Part IV: Understanding the warranty (the most important part of your laptop.)

Let’s talk about Dell, specifically, for a second though. Why have I, historically, always owned a Dell laptop?

Simple. Their warranty is easy for my pea-brain to understand.

Here’s how it works:

• The default warranty is 1 year if something "dies." Examples are: Power supply, screen goes blank, USB port dies, whatever. You call up. They try to fix it over the phone.

• If it needs a part you can replace (ie: battery, mouse, removable DVD drive) they ship it to you; you replace it yourself. You put the broken part in a pre-paid box back to them, and drop it in the mail. You are done.

• If it needs a part you can’t replace (laptop screen, motherboard) the part is shipped "overnight" to a "regional center." Then when the part arrives, the center calls you and you schedule a time to get your machine fixed.

• For a little extra money when you buy your laptop, you can get 3 years on-site (ie: they come to you) coverage.

• For a little "extra extra", you can get "I spilled coffee directly in it", "I dropped it hard on a marble floor" or "I dropped it in a lake" insurance, which will cover things like that. Really. At least that’s what they say.

Now.. with that said: I, with my pea-brain, can understand this warranty structure, and can embrace what it means.

To be clear: This warranty structure doesn’t mean "my problem will be fixed in 24 hours." (Especially on a Thursday or Friday.)

It means: "We (Dell) spring to action right away… If you called us with your problem after 2.00 PM or so, then we’re going to miss Mr. DHL delivery dude for today. So, we’ll have to ship it tomorrow – then it will (usually) get to the local repair depot the next business (shipping) day. And when it arrives, then you’ll get a call. Only after the part arrives at the local depot center, will we call you and schedule an appointment for up to 24 hours after that."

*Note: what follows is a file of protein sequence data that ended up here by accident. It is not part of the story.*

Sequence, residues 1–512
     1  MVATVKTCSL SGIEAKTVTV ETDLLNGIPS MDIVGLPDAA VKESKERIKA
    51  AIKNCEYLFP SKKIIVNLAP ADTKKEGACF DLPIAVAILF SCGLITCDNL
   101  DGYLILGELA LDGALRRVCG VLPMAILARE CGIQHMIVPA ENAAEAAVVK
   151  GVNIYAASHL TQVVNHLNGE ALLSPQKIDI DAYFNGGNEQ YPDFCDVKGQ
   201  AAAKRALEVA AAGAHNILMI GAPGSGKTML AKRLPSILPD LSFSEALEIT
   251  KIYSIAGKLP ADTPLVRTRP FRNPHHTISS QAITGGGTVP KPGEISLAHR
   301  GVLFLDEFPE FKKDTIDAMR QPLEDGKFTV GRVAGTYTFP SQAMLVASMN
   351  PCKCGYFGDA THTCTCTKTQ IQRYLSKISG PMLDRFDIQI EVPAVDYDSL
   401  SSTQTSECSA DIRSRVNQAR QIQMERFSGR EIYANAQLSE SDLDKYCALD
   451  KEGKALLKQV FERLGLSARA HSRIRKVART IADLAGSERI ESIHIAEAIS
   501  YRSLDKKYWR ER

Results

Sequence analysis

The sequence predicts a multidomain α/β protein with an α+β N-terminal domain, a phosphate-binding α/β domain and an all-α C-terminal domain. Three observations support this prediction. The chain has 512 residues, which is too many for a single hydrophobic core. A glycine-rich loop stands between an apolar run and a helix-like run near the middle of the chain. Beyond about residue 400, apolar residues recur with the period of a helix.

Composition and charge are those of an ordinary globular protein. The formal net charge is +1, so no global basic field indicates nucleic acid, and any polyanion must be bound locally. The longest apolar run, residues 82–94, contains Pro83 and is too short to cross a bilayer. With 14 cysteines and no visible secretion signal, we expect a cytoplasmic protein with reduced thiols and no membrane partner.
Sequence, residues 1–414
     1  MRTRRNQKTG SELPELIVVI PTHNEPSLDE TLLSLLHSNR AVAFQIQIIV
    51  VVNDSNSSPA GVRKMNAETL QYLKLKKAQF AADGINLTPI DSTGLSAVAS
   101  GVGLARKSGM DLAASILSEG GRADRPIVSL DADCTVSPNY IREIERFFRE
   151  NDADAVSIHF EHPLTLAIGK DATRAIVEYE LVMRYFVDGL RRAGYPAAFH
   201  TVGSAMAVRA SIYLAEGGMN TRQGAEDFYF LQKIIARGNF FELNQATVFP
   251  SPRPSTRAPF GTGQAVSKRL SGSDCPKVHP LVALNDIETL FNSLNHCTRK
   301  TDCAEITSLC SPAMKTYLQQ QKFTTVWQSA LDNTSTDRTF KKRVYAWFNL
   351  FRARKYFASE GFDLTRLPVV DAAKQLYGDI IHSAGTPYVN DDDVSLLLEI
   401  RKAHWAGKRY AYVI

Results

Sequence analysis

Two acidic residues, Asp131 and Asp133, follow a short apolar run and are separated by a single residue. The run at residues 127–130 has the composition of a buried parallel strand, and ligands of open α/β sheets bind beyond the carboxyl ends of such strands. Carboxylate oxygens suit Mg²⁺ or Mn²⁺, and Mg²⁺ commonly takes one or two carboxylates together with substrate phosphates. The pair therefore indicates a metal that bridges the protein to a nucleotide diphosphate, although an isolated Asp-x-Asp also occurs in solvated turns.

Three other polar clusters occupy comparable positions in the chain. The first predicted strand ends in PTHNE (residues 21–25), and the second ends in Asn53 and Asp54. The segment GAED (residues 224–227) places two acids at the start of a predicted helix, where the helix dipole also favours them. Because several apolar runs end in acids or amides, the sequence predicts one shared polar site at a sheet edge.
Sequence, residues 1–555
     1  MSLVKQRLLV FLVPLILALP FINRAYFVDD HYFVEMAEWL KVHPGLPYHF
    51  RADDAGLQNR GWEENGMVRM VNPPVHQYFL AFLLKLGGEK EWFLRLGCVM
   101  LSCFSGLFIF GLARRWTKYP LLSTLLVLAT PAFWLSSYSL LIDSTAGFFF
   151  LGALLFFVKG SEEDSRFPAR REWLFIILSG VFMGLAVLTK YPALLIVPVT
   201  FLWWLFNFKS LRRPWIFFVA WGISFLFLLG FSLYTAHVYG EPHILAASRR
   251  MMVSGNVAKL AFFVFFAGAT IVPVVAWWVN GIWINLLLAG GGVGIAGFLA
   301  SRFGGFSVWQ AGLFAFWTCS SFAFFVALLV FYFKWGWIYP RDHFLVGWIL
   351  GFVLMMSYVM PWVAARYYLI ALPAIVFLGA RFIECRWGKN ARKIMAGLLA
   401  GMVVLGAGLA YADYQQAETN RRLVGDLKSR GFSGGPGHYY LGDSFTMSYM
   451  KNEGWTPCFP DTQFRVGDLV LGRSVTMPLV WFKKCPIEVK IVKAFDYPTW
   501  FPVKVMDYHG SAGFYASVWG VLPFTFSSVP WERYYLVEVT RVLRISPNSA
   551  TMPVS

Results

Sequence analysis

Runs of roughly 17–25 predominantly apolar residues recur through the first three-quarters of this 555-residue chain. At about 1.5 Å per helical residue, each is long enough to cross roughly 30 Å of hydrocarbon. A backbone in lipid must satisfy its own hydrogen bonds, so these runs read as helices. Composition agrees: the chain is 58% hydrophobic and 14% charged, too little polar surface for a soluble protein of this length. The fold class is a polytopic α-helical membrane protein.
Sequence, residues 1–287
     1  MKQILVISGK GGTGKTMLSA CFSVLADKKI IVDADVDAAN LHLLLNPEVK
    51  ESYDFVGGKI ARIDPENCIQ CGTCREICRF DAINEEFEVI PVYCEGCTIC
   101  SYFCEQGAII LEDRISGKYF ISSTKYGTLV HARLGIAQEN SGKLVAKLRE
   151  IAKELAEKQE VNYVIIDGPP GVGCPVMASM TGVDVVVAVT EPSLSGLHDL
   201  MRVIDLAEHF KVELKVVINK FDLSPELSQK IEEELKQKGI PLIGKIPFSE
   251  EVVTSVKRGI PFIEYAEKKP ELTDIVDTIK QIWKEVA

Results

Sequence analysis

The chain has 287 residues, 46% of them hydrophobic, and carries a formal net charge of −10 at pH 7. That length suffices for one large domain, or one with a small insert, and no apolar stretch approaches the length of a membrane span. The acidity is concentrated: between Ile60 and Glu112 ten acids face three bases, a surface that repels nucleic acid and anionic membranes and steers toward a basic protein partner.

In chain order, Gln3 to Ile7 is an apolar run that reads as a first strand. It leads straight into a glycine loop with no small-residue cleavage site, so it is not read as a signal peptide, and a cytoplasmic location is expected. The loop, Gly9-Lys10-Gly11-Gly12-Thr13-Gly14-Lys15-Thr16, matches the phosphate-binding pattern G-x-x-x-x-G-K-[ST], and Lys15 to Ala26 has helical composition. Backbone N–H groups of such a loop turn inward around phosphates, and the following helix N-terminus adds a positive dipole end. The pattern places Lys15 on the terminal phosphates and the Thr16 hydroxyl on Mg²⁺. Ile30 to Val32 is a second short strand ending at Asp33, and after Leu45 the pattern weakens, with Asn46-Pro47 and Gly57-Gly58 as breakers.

That’s the deal.

So don’t expect your warranty coverage to mean "your problem will be fixed within 24 hours." Expect them to get started on your problem right away and have it fixed 24 hours AFTER the part is in the hands of the depot.

So, because I ‘get’ the deal, I usually recommend Dell. It’s the “warranty-devil” I know, and I’m totally cool with that deal.

That said, I always recommend Dells to Joe and Janes when they ask me what laptop to get because:

– 99% of the any laptop you get is exactly the same and…

– I can EXPLAIN the warranty to them and ..

– They can decide if that’s what they want.

If you want to check out other manufacturer’s warranties, great. I’m just giving you’re my personal experience with Dell and warranties.

Part V: "How much laptop do I, a regular person, need?"

If you’re planning on: Surfing, Facebook, using Microsoft Office, Google Docs, Gmail, Hotmail, Office 365, NetFlix, Skype and other “usual stuff” you’ve got “modest needs.”